A competant rifleman with a decent rifle should be capable of establishing a fairly good zero after firing only one or two rounds and does not need a bench rest. Here’s how.
Zeroing any firearm is a simple process that seems to evade far too many gun owners. The idea is to bring the line of sight (as viewed through the sighting system) in coincidence with the line of bore as to make best use of the trajectory.
It is simple, that is, assuming you possess the following things:
- Enough marksmanship skill to accurately fire and call a good shot.
- Understanding of how the rifle and sights in question work.
- Enough math skill to use angular deviation (minutes, mils) and make accurate adjustments.
- Enough ballistics knowledge to understand the trajectory of the ammunition used and what constitutes a good zero given the firearm/ammo combo and its intended use.
- Enough marksmanship skill to accurately fire and call a good shot (so important I listed it twice!)
Sadly, most gun owners, even those military trained, have none of the above.
I’ll give you an example of how this is supposed to work.
The rifle was an unfired M1A. The owner brought it out to our KD (Known Distance) range with a box of M80 ball ammunition. He wanted to shoot it, but was concerned he wouldn’t be able to even hit the six foot target frame, much less the E-Type silhouette on the board, as we were shooting on the 500 yard line.
I mechanically centered the sights for windage and bottomed them out for elevation. I then came up ten minutes (M14/M1A rear sights are normally 8-12 minutes up for 200 yards) and added 11 more minutes (3+4+4) as a come-up to go from 200 to 500 yards. There was a gentle breeze quartering from my left rear at around five miles per hour so I hedged my bet with two minutes left.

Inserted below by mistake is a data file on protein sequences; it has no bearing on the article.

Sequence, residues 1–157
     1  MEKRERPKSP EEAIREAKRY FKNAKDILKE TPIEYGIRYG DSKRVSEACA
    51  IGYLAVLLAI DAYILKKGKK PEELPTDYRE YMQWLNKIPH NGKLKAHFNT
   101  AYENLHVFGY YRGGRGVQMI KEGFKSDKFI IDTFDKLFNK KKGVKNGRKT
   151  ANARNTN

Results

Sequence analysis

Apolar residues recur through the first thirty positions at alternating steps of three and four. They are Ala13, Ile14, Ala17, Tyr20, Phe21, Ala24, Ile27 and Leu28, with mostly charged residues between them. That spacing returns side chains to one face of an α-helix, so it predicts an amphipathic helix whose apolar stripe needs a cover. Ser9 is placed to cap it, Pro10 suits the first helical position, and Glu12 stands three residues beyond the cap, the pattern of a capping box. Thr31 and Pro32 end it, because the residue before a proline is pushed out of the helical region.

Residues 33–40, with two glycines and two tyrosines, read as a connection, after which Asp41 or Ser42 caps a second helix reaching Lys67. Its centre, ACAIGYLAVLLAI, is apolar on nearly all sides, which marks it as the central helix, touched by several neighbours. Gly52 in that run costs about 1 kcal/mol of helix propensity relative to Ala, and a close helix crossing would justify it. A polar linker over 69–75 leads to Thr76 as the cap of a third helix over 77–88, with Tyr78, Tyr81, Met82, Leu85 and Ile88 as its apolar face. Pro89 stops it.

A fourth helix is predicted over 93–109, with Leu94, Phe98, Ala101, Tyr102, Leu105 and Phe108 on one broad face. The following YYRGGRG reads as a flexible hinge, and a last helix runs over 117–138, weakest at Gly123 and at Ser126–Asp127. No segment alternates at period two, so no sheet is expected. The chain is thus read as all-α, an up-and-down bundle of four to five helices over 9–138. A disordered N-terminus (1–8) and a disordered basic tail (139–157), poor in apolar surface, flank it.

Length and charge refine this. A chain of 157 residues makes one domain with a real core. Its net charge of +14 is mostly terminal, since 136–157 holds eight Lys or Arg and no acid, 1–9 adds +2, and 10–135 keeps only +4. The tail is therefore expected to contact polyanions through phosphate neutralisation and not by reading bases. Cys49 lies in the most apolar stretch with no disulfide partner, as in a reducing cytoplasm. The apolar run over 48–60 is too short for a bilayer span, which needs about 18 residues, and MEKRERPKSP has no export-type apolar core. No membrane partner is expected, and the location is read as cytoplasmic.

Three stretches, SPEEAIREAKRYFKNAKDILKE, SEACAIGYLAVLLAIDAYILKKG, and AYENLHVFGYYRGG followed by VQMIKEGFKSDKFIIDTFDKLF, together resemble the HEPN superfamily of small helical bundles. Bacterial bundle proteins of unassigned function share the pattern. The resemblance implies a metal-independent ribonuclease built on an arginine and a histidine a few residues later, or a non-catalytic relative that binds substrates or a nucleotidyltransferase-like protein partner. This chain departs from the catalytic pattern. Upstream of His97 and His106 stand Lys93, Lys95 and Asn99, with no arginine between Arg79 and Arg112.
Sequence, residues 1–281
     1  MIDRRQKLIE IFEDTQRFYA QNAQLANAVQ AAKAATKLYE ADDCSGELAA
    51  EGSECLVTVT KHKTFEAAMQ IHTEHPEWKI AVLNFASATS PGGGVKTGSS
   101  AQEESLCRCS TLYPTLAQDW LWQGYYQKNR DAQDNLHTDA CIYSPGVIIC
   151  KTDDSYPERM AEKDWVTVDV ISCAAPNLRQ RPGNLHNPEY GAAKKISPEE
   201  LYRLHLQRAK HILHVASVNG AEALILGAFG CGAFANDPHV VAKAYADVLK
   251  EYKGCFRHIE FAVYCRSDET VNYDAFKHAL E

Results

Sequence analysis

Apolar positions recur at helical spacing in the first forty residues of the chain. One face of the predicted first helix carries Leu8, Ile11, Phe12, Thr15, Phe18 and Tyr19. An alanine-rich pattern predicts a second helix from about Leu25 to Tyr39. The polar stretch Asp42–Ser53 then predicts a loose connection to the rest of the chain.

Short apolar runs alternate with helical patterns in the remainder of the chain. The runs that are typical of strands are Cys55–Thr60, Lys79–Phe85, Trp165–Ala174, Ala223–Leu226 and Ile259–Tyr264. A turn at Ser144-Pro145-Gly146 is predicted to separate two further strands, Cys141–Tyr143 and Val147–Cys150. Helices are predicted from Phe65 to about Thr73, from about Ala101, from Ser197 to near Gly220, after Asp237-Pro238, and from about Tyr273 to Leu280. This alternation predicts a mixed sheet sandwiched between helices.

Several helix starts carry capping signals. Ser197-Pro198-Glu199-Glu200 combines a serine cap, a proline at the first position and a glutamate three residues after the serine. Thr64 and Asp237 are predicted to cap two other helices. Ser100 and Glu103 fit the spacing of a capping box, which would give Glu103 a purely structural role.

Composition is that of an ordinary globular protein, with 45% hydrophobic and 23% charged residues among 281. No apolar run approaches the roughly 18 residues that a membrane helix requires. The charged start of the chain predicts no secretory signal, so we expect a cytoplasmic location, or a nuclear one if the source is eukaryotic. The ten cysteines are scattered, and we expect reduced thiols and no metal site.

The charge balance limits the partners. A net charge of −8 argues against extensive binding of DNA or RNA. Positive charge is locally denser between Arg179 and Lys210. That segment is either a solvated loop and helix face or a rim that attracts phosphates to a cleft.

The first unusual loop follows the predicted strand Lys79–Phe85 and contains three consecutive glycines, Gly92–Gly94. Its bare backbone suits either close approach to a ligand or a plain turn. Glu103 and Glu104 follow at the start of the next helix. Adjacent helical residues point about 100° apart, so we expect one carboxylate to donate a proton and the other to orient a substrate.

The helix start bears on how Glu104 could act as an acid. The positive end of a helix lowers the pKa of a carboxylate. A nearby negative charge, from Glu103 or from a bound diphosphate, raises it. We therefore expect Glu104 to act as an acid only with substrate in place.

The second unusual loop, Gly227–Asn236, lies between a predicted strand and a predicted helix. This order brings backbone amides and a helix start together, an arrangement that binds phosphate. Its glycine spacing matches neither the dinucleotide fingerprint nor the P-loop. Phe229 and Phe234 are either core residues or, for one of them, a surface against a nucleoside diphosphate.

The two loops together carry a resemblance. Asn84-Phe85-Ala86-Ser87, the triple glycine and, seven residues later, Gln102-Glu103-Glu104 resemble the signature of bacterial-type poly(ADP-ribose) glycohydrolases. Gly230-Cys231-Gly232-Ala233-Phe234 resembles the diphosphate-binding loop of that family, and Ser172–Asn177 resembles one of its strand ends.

After adjusting the web sling to give a tight loop, double checking my natural point of aim and dry firing two good “shots” I fired my first live round. Much to my own amazement, being unused to M1A’s, the shot broke clean and I was forced to call the shot as good. The target came back up out of the pit with a five-inch disk online with the waist and out in the white by about one disk diameter.
I put three minutes left and two minutes up on the sight, rechecked my NPA and the wind, and fired another shot. The target came back up disked in the chest just to the left of the sternum. I handed the rifle back to its owner and he was able to put his first shot on the silhouette. One click on the sights and they we all in the chest.
This doesn’t take the box(es) of ammo gun owners and hunters seem to expend during sight-in day and it only takes a few minutes. If the shooter isn’t ready to fire a group for confirmation after a few shots something is broken, be it equipment or skill.